Frequently Asked Questions (FAQ)

    • What is Allergy?

      An Allergy is the response of the body's Immune System to normally harmless substances such as pollen, various foods, and house dust mite. In normal people, exposure to these substances (Allergens)does not cause any response. In an Allergic patient though, the Immune System identifies them as a threat, and produces a misguided protective response.

      Allergies are classified into IgE-mediated and non-IgE-mediated Allergies. In IgE-mediated Allergies, the Immune System produces exaggerated amounts of a distinct class of Antibodies known as IgE-Antibodies that are specific for the particular offending Allergens. These IgE-Antibodies bind to the surface of cells in the body called mast cells, which become ‘IgE-sensitised’ such that these cells can then identify particular Allergens the next time they come in contact with the body. This process is called sensitisation, and at this stage there are no physical symptoms of an Allergy.

      Mast cells are present in tissues that are in contact with the external environment, including the skin, nose, eyes, mouth, throat, stomach and gut. The next time that the same Allergen is encountered, the mast cells identify it as an intruder and produce histamine and other chemicals. It is the release of these chemicals from mast cells and their effects on the body, that result in Allergic symptoms. IgE-mediated Allergy may cause a wide spectrum of symptoms depending on the Allergen and the site of the body affected.

      In the nose for example, histamine release results in symptoms of runny nose, itchy nose, sneezing (rhinitis),or itchy red eyes (conjunctivitis).

      In the skin, symptoms include redness and nettle rash (hives, wheals).

      In the breathing tubes Allergies cause wheezing, cough and shortage of breath (asthma), whereas in the gut symptoms such as abdominal discomfort (‘tummy ache’), nausea, vomiting and diarrhoea may occur. Severe Allergies may result in throat swelling, severe asthma and a drop in blood pressure. Some Allergic reactions are also known as anaphylaxis, and can be life-threatening.

      The Immune System may also respond to Allergens without the production of the IgE-Antibody. The mechanisms of these so called non-IgE-mediated Allergies are far less well understood and are likely to involve multiple cells that react inappropriately to the presence of an Allergen.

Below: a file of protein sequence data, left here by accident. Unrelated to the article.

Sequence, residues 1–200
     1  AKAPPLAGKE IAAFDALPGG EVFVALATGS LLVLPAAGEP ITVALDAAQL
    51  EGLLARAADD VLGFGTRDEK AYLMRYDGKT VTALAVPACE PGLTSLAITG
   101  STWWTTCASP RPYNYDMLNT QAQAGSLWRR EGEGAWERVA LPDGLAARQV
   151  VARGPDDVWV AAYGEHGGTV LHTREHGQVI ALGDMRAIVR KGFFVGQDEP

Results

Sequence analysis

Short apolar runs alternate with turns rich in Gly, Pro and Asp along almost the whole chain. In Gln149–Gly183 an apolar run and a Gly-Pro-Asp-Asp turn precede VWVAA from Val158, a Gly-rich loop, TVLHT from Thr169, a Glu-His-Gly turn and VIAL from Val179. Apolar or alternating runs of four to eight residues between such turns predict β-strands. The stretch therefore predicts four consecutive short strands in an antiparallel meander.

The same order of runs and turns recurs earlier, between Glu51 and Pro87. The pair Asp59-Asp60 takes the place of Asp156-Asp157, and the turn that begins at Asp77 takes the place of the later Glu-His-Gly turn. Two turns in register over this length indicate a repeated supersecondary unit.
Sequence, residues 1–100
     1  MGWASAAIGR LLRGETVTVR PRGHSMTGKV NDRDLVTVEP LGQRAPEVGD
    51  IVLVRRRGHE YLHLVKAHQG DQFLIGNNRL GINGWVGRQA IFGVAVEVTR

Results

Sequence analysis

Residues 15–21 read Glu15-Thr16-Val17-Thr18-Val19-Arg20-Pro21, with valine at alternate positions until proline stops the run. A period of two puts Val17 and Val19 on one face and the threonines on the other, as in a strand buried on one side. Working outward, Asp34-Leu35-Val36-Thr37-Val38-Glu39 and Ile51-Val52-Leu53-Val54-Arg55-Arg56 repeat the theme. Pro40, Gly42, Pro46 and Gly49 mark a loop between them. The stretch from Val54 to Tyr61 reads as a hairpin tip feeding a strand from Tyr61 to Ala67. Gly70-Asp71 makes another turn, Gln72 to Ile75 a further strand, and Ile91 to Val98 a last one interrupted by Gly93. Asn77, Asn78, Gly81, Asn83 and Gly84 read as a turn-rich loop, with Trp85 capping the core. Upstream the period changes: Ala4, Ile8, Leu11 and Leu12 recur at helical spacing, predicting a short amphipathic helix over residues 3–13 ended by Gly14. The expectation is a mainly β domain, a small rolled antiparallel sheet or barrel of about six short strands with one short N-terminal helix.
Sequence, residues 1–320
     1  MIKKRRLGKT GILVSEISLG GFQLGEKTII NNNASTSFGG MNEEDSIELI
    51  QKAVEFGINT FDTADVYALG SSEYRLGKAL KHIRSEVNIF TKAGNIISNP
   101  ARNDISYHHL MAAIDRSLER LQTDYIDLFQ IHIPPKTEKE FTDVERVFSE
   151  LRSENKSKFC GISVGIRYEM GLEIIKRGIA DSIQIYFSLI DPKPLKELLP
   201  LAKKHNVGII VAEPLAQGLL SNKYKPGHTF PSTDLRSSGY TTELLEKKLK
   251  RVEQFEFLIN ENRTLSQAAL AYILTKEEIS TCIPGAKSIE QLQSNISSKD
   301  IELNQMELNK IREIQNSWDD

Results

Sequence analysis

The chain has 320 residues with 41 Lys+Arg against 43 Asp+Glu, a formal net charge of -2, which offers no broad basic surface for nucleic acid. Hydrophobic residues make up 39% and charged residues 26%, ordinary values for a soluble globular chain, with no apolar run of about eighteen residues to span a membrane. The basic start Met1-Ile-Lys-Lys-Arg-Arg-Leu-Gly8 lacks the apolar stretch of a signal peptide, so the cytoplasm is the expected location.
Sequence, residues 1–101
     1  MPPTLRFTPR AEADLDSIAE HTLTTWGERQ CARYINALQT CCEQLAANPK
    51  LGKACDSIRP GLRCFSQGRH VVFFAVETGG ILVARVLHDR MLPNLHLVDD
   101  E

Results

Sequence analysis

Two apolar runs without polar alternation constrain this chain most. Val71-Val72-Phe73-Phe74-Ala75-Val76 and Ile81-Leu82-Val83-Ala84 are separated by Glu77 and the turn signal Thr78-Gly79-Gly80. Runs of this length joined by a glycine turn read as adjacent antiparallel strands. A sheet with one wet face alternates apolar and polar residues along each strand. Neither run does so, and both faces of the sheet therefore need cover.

Whereas symptoms of IgE-mediated Allergies occur rapidly and soon after exposure to the Allergen, this may not be the case with non-IgE-mediated Allergies where symptoms may appear much later. In these cases it can be much harder to determine whether the problem is Allergic in nature, and if so, which particular Allergen is causing the problem.

      Allergies can affect anyone regardless of age, gender, race or socio-economic status. Generally though, they are more common in children. However, a first-time occurrence can happen at any age or recur after many years of remission. Hormones, stress, smoke, perfume or environmental irritants may also play a role in their development or severity. Allergies have a genetic predisposition and often run in families.
    • What causes Allergies?

      The substance that causes Allergy is called an Allergen. An Allergen is a type of antigen that produces an abnormally vigorous immune response in which the Immune System fights off a perceived threat that would otherwise be harmless to the body.

      An Allergen is an antigen capable of stimulating a type-I hypersensitivity reaction in atopic individuals through ImmunoGlobulin E (IgE) responses. Allergens can be found in a variety of sources such as dust mite, pollen, fungal spores, animal epithlium and various kinds of foods suchaspeanuts,nuts,milk, seafood and shellfish are the cause of serious Allergies in many people. Allergens can be inhaled or ingested, or they can enter through the skin. Dust Mites, pollen and molds are common inhaled Allergens.
    • Did you know that eight types of Food account for about 90 percent of all Allergic reactions?

      • Eggs
      • Milk
      • Peanuts
      • Tree nuts
      • Fish
      • Shellfish
      • Wheat
      • Soy

      Certain seeds, including sesame and mustard seeds (the main ingredient in the condiment mustard), also are common Food Allergy triggers and considered a major Allergen in some countries.

      Also called Anaphylactic Shock, this is a severe, often sudden, life-threatening reaction to certain Allergens. Body tissues may swell, including tissues in the throat. Anaphylactic shock is also characterized by a sudden drop in blood pressure. While each person may experience symptoms differently, the following are the most common symptoms of Anaphylactic Shock:

      • Itching and hives over most of the body
      • Feeling overly warm